Last week I posted about “breast ironing,” the practice by which young women’s developing breasts are “massaged, pounded, pressed, or patted with an object, usually heated in a wooden fire, to make them stop developing, grow more slowly or disappear completely” in Cameroon. See my original post on the topic for the logic behind the practice, which I do not care to validate further by discussing it again.
In that post, I also discussed female genital mutilation (FGM), explaining how asking someone about their view of FGM was a litmus test of sorts for the limits of that person’s cultural relativism.
Carol Gallo wrote an excellent comment on my post, in which she explained that it is difficult for well-meaning outsiders to understand cultural phenomena like FGM. I responded by explaining how, though I disagree with FGM, I see the practice as rational. After all, if the norm is to have one’s daughter FGMed, not following the norm might lead to a fate worse than following the norm.
This is because of what we call a “multilateral punishment strategy” in economics — the phenomenon whereby norms are enforced by punishing those who do not follow norms, and by punishing would-be punishers whenever they fail to punish the transgressors. See Greif’s (1993) classic article on the Maghribi traders for a theoretical treatment, or read Kaushik Basu’s Prelude to Political Economy for a more intuitive discussion.
Carol responded, further beginning as follows:
Funnily enough, I only half-accept the idea of individual rationality because I see people do things that are terrible for them or make no sense all the time (…).
This brings me to the topic of today’s post.
The Rationality Straw Man
It is de bon ton in the media and elsewhere to condemn economists for their belief in individual rationality. “Bah! Humbug!,” goes the critique, “we know people aren’t rational because they do dumb things, like, all the time…”
But merely declaring that people aren’t rational does not make it so. In economics, individual rationality rests on two assumptions:
- Completeness: People can compare two alternatives x and y, and determine whether they prefer x to y, y to x, or whether they are indifferent between y and x, and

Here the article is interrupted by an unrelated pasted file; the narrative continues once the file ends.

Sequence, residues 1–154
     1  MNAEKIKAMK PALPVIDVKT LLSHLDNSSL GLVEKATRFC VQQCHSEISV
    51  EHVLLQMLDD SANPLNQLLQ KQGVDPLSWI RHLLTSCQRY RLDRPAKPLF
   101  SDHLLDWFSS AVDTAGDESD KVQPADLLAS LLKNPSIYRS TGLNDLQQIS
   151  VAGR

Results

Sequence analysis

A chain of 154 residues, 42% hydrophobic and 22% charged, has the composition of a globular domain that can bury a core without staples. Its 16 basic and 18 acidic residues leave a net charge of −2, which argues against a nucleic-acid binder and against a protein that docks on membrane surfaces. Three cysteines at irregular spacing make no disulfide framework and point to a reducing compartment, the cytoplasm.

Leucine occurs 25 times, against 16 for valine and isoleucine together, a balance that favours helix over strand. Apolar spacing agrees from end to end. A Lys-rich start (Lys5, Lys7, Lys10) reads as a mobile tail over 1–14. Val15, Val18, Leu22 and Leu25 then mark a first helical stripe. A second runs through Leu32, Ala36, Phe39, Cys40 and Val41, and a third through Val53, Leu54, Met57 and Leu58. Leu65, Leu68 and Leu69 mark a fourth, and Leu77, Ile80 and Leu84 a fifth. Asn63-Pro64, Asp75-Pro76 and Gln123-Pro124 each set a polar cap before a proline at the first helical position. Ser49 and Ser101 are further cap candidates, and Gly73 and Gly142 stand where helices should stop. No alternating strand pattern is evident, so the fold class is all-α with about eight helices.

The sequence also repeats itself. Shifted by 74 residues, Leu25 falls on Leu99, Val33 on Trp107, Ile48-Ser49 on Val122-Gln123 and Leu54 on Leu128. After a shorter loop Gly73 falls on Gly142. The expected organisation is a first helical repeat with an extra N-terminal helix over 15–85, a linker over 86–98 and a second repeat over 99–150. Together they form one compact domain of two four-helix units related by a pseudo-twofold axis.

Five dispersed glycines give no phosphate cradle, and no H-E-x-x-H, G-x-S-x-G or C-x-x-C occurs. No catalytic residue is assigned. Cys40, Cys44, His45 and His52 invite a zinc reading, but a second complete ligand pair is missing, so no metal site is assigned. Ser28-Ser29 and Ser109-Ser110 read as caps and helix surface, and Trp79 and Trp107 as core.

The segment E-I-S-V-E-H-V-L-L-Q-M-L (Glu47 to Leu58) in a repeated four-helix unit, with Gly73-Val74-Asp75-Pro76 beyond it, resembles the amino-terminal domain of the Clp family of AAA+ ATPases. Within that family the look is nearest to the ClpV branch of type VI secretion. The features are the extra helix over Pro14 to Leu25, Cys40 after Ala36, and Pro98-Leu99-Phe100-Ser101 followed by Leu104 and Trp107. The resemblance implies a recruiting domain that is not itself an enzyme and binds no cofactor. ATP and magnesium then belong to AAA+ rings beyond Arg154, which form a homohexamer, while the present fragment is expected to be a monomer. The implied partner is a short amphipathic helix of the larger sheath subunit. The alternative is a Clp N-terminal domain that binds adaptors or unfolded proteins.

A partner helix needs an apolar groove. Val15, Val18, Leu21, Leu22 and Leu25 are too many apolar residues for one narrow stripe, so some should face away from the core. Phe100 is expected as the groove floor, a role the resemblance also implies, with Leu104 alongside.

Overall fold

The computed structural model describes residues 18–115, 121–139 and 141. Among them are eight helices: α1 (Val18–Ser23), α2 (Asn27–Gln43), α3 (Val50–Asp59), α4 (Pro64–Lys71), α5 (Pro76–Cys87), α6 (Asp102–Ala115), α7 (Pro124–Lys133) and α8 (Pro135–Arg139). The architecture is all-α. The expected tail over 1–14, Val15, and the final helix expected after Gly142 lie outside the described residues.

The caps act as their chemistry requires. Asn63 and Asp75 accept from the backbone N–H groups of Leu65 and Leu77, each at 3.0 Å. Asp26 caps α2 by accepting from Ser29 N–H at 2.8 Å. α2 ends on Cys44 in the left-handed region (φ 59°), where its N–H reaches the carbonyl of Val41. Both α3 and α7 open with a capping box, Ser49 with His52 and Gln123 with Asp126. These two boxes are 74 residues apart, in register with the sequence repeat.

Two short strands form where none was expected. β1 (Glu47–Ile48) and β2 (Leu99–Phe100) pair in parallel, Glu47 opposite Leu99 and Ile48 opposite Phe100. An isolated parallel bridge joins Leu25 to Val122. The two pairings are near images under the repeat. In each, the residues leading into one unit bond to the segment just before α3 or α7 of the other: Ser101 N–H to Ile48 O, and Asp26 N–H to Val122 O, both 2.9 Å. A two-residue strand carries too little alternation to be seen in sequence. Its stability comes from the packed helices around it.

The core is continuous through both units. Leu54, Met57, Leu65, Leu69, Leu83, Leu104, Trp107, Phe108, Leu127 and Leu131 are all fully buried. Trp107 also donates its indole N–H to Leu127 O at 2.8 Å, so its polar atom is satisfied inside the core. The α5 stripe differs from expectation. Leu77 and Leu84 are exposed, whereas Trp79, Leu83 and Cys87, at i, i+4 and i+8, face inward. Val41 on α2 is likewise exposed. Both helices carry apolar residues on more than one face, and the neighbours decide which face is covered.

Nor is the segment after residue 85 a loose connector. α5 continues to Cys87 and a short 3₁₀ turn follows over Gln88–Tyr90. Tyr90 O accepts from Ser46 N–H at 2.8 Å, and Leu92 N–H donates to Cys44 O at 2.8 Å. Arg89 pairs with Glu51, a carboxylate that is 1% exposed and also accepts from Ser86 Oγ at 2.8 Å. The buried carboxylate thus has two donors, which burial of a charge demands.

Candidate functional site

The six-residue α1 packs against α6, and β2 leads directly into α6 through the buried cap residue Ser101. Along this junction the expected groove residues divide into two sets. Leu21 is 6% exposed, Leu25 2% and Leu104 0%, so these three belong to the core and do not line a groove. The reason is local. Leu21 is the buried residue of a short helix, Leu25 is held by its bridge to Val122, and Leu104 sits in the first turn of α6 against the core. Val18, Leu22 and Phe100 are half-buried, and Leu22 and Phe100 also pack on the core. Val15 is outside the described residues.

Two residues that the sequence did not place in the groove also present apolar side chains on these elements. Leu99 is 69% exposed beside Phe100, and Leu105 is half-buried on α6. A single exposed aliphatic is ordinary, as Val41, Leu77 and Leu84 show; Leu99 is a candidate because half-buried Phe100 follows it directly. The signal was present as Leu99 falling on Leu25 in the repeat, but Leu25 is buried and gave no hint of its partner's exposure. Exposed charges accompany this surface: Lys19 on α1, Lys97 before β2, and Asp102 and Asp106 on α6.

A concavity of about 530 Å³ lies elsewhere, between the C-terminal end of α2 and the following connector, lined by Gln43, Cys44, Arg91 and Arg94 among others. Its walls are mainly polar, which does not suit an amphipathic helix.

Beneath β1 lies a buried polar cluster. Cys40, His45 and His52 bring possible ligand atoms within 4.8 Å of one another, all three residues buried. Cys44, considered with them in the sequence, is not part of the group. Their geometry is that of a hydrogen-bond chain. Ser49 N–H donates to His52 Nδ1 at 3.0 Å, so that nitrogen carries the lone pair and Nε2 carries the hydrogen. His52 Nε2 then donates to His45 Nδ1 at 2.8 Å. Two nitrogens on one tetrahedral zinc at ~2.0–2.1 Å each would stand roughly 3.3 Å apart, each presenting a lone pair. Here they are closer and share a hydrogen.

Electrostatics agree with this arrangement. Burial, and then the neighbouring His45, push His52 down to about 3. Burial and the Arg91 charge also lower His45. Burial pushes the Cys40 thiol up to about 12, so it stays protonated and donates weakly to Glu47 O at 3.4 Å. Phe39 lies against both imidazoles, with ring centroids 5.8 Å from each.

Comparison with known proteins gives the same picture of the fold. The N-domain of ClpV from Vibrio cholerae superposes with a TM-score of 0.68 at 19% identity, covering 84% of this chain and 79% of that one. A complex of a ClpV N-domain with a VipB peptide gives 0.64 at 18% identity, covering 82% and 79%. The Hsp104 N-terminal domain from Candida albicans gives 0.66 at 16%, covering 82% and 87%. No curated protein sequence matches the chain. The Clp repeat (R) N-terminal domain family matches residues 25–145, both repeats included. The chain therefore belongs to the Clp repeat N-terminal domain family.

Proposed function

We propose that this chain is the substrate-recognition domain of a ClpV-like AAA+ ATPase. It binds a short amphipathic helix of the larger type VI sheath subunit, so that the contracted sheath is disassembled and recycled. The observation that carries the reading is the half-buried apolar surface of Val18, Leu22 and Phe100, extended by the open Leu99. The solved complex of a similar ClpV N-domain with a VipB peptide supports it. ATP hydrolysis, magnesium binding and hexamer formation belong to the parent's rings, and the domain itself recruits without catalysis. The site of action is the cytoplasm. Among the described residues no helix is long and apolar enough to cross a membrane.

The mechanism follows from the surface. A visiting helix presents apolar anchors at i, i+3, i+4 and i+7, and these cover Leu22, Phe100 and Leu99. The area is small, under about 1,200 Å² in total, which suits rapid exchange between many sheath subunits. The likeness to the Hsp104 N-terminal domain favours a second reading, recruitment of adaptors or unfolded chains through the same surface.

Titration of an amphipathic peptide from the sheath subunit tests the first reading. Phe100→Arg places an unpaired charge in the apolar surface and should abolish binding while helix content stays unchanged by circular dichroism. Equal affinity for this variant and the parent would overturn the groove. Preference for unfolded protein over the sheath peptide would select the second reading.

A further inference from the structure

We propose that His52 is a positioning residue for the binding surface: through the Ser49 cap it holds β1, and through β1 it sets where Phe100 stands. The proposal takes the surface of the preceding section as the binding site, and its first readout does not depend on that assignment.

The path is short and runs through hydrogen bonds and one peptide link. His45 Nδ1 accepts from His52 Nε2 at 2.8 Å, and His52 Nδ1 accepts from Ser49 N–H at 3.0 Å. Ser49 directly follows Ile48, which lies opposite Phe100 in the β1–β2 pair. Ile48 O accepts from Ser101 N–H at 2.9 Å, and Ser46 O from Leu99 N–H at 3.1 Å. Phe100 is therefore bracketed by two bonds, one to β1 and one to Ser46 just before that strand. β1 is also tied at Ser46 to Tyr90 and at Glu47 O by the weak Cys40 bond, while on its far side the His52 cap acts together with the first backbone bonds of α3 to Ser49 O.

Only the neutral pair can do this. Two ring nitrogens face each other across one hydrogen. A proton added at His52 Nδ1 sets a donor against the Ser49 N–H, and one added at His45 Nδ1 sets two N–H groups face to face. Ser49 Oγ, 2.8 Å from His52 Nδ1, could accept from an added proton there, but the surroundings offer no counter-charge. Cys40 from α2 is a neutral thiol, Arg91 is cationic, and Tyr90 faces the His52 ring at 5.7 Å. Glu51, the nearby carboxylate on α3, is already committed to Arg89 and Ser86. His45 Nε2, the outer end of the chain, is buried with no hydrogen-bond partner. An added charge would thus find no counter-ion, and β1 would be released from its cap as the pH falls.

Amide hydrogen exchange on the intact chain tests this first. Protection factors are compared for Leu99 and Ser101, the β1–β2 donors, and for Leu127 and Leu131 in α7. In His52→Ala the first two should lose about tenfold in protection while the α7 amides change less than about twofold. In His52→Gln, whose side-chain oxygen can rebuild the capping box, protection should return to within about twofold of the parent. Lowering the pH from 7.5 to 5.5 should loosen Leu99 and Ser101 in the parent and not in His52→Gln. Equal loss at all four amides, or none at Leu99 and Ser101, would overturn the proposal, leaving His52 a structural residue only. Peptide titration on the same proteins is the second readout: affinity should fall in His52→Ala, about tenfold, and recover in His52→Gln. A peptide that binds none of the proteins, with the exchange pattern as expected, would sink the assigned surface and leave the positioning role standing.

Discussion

- Transitivity: If someone prefers x to y and y to z, then that person prefers x to z.
That’s it; that’s all. When an economist assumes individual rationality, all she is saying is that people’s preferences are complete and transitive. One can build a very rich theory of individual behavior on the basis of these two seemingly simple assumptions.
Moreover, there need not be an inconsistency between the assumption of individual rationality and doing dumb things. Car surfing is certainly among the dumbest things I can think of, but it’s not irrational — the teenager standing on the roof of his friend’s car might feel the need to prove something to himself or to his girlfriend, which outweighs the perceived risk of injury or death. The person who smokes two packs a day might strongly discount the future.
In other words, ”We know people aren’t rational because they do dumb things” does not constitute a valid critique of individual rationality — it is more of a straw man than anything else. I would start here for a critique of individual rationality that has real traction.
Update: Paul Kelleher notes in the comments that what I am talking about is not necessarily a straw man, and that perhaps the right concept to apply here is that of fallacy of equivocation.